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how (linux kernel) network modules gets loaded without modprobe.conf I have fedora distribution installed and can see e1000e module loaded automatically in the system.

Is there a configuration which specifies to load this module automatically ??

I have referred modprobe.conf, BUT no such entry exists. for that matter, I have grep'd entire /etc/ directory to check any entry to load this module, but no avail.

Please let me know 1. whether any configuration file mention about loaded specific modules automatically during bootup time ? 2. If there is not config file, how the modules are picked up by the system?

Thanks!

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I can see additional new modules can be loaded by putting in this folder: /etc/sysconfig/modules/ .... But I am interested in knowing about Existing modules compiled in the kernel –  kumar Dec 11 '13 at 10:28
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3 Answers

They are loaded based on hardware detection. In the case of your e1000e module the hardware in your machine, whether it is on board or a plugin card, will identify itself with a PCI vendor ID and device ID pair and those will be matched against the available modules and any module identifying itself with that ID will be loaded.

You can see the IDs associated with the e1000e module by running modinfo e1000e which will report something like this:

filename:       /lib/modules/3.9.5-301.fc19.x86_64/kernel/drivers/net/ethernet/intel/e1000e/e1000e.ko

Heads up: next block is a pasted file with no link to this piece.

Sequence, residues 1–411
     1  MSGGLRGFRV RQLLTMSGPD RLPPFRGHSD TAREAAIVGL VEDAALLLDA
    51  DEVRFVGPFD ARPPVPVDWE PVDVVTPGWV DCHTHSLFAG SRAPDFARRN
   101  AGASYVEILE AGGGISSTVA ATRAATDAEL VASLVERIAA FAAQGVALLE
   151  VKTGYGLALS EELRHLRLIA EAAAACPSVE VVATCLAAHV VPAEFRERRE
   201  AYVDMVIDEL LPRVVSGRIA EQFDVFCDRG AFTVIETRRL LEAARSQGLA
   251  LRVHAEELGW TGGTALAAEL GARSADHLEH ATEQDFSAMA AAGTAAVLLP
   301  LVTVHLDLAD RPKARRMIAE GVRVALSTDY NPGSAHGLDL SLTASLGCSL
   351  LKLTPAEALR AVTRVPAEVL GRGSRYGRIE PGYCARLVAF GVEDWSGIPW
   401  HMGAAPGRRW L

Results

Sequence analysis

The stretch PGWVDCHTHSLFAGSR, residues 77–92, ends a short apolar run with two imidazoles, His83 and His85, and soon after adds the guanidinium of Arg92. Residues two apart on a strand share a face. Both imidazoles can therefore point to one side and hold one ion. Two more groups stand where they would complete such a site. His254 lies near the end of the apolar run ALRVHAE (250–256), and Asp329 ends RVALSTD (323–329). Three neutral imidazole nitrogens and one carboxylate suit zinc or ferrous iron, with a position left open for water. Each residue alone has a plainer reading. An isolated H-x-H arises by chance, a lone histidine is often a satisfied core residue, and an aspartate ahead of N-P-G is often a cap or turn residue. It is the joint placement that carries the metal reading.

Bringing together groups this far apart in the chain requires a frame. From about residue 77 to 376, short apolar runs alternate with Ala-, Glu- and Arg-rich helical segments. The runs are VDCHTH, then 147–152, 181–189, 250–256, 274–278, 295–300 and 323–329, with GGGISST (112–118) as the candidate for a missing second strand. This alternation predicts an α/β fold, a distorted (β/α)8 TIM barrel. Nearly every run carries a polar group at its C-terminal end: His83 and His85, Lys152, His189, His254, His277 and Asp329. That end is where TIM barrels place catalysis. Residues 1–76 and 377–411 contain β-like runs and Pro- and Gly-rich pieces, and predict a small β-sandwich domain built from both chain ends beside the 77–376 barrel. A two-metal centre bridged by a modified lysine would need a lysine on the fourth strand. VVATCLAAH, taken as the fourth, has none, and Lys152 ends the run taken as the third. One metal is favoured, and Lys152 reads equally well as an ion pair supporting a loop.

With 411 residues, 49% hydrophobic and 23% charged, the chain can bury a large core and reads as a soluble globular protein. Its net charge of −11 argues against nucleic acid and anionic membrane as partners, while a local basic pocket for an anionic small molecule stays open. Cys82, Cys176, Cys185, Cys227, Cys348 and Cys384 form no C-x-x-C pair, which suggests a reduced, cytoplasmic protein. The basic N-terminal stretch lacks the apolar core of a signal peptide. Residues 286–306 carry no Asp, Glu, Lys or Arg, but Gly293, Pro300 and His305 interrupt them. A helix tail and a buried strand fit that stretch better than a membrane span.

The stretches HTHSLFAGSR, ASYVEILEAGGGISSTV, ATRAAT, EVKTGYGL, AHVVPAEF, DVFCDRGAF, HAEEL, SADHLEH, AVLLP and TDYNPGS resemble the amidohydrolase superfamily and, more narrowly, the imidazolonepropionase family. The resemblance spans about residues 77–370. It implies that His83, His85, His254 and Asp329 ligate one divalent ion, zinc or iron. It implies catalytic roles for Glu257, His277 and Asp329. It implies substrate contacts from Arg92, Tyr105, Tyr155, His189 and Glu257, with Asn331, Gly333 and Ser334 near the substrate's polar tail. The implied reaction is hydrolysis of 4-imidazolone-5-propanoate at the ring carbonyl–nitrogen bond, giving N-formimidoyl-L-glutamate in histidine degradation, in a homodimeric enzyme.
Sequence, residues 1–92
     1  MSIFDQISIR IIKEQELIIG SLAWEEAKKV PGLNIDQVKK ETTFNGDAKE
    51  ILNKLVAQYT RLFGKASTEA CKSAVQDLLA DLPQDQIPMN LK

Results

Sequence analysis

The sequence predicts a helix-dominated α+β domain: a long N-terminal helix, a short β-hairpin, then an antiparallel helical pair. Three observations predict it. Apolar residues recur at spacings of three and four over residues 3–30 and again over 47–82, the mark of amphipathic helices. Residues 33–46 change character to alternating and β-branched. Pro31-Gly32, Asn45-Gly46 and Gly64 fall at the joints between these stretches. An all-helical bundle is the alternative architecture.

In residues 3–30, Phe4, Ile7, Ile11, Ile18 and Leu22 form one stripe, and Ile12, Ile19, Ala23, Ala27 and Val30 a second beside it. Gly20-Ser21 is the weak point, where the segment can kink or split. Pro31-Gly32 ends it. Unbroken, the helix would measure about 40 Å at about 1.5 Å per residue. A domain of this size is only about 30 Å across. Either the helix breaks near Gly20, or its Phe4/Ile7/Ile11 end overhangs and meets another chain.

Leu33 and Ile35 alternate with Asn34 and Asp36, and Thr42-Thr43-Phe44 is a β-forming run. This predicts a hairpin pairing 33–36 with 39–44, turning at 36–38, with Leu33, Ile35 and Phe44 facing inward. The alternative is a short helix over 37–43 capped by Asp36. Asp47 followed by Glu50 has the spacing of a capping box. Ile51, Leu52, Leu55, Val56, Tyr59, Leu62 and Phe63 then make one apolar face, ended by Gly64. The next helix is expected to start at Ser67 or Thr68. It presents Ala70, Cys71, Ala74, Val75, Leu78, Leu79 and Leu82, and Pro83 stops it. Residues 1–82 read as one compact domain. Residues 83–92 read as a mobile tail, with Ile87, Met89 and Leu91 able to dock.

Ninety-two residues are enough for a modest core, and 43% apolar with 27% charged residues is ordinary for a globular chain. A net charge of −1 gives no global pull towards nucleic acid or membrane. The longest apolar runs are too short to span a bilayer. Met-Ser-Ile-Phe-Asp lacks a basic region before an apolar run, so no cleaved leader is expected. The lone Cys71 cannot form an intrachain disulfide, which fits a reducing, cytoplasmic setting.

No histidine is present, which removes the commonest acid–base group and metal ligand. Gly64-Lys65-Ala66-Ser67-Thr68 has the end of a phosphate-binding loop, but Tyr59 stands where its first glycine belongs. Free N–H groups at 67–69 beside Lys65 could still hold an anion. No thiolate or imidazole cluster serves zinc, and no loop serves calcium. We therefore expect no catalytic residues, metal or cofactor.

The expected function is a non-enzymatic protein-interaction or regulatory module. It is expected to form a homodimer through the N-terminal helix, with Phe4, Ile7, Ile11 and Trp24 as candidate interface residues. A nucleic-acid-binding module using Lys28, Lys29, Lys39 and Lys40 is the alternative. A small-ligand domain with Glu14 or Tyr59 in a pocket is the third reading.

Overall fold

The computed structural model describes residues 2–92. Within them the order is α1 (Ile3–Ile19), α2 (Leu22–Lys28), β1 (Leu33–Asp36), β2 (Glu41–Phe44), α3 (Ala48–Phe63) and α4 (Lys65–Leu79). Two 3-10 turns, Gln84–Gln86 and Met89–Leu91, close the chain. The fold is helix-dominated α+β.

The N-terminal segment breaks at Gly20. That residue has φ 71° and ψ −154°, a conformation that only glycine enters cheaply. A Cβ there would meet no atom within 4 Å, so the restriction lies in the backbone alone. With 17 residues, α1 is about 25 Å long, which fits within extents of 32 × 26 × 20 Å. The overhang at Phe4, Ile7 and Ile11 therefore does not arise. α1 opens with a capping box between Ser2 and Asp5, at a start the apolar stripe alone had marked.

version:        2.2.14-k
license:        GPL
description:    Intel(R) PRO/1000 Network Driver
author:         Intel Corporation, <linux.nics@intel.com>
srcversion:     28B371A0E50A24E26204016
alias:          pci:v00008086d00001559sv*sd*bc*sc*i*
alias:          pci:v00008086d0000155Asv*sd*bc*sc*i*
alias:          pci:v00008086d0000153Bsv*sd*bc*sc*i*
alias:          pci:v00008086d0000153Asv*sd*bc*sc*i*
...

Only with a much long list of alias lines, each of which identifies a specific PCI device that the module is able to support.

As devices appear the linux kernel will announce them to userspace using uevents, and the udev daemon will match the device IDs against the module database and load the correct modules.

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This is the correct answer. To add to it, the module database is at /lib/modules/$(uname -r)/modules.pcimap and is built by the depmod tool. When modprobe runs it reads the pcimap from the bottom up and loads the first driver it finds which matches the PCI ID which the device registered with. This is also how a third-party driver gets precedence over an in-kernel driver. –  suprjami Dec 11 '13 at 12:44
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During boot an initrd, an initial RAM disk is loaded whose contents are then available for the second stage boot. See /boot.

That RAM disk typically contains a.o. kernel modules not statically compiled into the kernel and needed for system boot i.e. modular drivers for file system , RAID controllers and network.

man initrd has a much better explanation though.

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Actually it's quite rare that network drivers would be in the initrd, at least on an EL/Fedora system. The initrd/initramfs typically only contains the bare minimum needed to get the root filesystem mounted so that init can hand over the boot process from the in-memory filesystem to the on-disk filesystem. –  suprjami Dec 11 '13 at 12:46
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The first thing you need check is your kernel config file, if your module are builting in your kernel, for example my redhat 5 server

grep -i e1000 /boot/config-$(uname -r) | grep -v ^#
CONFIG_E1000=m
CONFIG_E1000_NAPI=y
CONFIG_E1000E=m

when you insert a e1000 network card, the kernel call modprobe program "kernel.modprobe = /sbin/modprobe" using kernel user mode api

If your module is builting, you can use the modprobe.conf for change the module parameters with options directive, unless the kernel load the module with module defaults parameters

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